If you're familiar with All About Jazz, you know that we've dedicated over two decades to supporting jazz as an art form, and more importantly, the creative musicians who make it. Our enduring commitment has made All About Jazz one of the most culturally important websites of its kind in the world reaching hundreds of thousands of readers every month. However, to expand our offerings and develop new means to foster jazz discovery we need your help.
You can become a sustaining member for a modest $20 and in return, we'll immediately hide those pesky Google ads PLUS deliver exclusive content and provide access to future articles for a full year! This combination will not only improve your AAJ experience, it will allow us to continue to rigorously build on the great work we first started in 1995. Read on to view our project ideas...
The five tracks on Tie the Stone to the Wheel were recorded at two duo gigs which saxophonists Evan Parker and Seymour Wright played in London and Derby, on consecutive Sundays in October 2014, at the Kernel Brewery and the Derby Theatre Studio. Remarkably, at the Derby gig, it was revealed that when Parker had played a previous gig at the venue, several decades before, Wright had been in the audienceas a six-month-old baby!
While it is never quantified how many years separate consecutive "generations" of British improv, with Parker being classed as a first generation player while the likes of John Butcher and John Russell are second generation, that gap seems to be about ten to fifteen years. By such reckoning, Wright (born 1976) and Parker (born 1944) are at least two generations apart, as emphasised by their recording histories, Parker's having begun in 1967, Wright's in 2000.
However, the differences between the two extend way beyond age; Parker's early improv grounding was gained at the renowned Little Theatre Club, whereas Wright got his at Eddie Prevost's weekly workshopa very different environment, where he developed such characteristics as dismantling and reassembling his instrument during a performance, and sucking in through his mouthpiece in order to hold up a metal disc by suction.
Stylistically very different to one another, Parker and Wright are each instantly recognisable when heard alone but, when the two are combined here, they each subtly shift towards the othermaking each of them slightly less distinctive than usual but also improving the music from the duo. Alone, Parker is a far more fluent and fluid player than Wright, who is prone to pauses that break up the flow of his playing. Here, they combine to produce music that is a happy compromise between their individual solo styles.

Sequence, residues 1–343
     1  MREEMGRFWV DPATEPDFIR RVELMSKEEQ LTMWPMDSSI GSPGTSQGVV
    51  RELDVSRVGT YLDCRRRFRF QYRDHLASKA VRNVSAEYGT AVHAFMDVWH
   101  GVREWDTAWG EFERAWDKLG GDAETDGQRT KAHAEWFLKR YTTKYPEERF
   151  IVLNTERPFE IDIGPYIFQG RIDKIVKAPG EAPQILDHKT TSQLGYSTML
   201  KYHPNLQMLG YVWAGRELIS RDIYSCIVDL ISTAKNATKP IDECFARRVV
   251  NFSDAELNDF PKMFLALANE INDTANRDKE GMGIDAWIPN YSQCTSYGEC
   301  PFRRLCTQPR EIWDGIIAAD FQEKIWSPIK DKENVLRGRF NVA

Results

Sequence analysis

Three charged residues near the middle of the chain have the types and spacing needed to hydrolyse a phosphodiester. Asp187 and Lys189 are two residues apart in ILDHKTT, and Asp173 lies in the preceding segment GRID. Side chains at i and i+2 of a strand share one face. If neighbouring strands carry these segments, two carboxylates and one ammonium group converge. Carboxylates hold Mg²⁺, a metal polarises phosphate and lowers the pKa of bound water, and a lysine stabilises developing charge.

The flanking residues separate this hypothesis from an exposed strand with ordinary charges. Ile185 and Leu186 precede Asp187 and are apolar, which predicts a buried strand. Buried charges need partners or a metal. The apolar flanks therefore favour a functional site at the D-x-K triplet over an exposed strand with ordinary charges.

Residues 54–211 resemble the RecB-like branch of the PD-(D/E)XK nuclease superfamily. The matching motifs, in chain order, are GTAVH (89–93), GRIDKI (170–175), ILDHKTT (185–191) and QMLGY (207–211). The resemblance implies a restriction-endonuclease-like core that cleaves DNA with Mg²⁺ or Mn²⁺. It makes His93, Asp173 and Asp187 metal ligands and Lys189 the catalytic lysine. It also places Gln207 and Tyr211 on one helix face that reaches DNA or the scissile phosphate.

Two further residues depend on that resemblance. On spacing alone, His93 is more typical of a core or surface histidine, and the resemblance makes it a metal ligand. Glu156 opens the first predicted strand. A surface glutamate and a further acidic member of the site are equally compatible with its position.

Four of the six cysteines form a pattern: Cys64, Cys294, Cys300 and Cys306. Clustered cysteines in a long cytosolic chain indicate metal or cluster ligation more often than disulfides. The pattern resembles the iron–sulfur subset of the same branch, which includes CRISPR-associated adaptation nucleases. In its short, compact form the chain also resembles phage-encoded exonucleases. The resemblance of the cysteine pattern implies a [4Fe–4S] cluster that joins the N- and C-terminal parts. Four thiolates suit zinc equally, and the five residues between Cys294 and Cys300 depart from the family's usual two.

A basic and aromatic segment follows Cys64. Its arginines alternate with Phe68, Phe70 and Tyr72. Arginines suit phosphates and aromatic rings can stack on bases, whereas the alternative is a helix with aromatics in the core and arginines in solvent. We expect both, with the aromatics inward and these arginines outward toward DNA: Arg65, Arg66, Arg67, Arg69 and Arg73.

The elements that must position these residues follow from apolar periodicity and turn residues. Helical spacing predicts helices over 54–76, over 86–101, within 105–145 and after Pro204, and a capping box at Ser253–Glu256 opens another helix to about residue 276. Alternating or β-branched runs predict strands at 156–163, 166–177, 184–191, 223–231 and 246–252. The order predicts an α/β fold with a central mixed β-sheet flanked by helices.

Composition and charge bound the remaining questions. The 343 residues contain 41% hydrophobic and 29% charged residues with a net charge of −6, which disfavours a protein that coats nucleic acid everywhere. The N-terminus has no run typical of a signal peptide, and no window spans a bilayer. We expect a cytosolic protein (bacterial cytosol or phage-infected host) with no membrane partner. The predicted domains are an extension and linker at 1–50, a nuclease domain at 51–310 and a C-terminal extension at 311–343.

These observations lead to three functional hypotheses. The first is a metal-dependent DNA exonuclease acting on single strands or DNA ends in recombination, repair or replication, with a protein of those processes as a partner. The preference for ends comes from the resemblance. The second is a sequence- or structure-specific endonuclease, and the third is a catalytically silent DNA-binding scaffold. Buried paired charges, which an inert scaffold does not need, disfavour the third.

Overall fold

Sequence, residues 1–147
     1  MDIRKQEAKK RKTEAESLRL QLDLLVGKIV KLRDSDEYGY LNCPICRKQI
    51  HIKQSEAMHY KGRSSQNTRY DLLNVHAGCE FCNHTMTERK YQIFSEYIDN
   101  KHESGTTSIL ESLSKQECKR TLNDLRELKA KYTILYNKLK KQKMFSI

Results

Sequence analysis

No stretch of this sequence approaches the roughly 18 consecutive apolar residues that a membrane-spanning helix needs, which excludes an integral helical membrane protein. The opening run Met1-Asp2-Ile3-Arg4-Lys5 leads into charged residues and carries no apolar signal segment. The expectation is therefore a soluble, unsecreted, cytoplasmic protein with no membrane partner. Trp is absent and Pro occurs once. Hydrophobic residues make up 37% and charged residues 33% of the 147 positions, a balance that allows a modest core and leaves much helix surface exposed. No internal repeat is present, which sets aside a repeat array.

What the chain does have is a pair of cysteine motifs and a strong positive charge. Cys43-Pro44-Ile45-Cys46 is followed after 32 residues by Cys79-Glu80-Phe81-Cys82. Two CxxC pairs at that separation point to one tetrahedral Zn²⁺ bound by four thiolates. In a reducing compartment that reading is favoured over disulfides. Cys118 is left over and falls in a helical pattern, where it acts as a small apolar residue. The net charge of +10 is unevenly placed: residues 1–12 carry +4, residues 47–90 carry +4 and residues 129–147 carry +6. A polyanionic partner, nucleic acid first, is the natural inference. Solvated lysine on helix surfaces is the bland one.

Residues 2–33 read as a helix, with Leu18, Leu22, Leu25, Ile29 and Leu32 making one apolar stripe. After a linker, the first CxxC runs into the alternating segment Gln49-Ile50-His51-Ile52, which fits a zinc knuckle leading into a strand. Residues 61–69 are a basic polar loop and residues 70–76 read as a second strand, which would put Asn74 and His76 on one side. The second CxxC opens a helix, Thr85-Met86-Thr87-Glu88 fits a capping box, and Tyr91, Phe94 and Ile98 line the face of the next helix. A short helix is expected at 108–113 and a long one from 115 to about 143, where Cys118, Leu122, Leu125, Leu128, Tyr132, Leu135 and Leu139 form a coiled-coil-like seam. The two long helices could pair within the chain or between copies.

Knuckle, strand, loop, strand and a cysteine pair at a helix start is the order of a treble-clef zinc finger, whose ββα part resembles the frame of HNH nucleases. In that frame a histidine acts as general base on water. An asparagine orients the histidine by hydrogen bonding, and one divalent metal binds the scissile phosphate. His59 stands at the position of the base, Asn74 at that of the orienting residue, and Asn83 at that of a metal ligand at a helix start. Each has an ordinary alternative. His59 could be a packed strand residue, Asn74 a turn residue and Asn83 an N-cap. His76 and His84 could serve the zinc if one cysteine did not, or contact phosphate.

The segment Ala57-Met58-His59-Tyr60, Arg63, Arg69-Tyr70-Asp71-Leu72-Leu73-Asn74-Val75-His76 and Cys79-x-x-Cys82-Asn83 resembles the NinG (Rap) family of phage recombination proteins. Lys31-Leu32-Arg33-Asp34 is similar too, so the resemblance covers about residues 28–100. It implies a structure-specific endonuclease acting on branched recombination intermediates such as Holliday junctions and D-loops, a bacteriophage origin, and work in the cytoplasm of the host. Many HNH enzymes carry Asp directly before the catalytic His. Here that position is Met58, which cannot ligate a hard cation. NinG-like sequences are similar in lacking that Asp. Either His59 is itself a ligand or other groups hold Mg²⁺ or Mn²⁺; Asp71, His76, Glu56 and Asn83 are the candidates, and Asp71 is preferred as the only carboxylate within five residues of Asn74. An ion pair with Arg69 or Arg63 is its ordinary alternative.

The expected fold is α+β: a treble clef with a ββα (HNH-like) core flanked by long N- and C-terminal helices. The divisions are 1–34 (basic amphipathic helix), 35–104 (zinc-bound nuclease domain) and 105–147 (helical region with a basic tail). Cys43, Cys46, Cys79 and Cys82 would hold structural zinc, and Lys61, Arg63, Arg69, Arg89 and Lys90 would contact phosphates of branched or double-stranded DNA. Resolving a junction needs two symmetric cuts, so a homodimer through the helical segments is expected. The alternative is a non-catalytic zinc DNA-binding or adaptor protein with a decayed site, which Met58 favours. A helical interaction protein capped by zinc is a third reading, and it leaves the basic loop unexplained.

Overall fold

It is only partially correct to say, as Fataka suggests, "the two interrupt and augment each other incessantly, creating tight spirals of difference and similarity that crackle with ideas and energy." In fact, the dialogue between the two is far subtler and more agreeable than the word "interrupt" implies; when one of the pair enters, the other is not forced to stop playing, but a more gentle accommodation is negotiated in which both players have a role. Yes, they certainly do augment each other incessantly and their music does crackle with ideas and energywith players of this calibre, how could it be otherwise?
The major disappointment of this album is that is it does not last longer. From the two gigs, just over forty-five minutes made it onto this disc. Surely, at least that amount must have ended up being cut? From the music that survives, it is impossible to discern why. On this evidence, there is scope for another album of outtakes... or maybe a studio-recorded duo album? Until that day comes, this album will do very nicely, thank you!
Track Listing: Wheel I; Wheel II; Stone I; Stone II; Stone III.
We sent a confirmation message to . Look for it, then click the link to activate your account. If you don’t see the email in your inbox, check your spam, bulk or promotions folder.
Thanks for joining the All About Jazz community!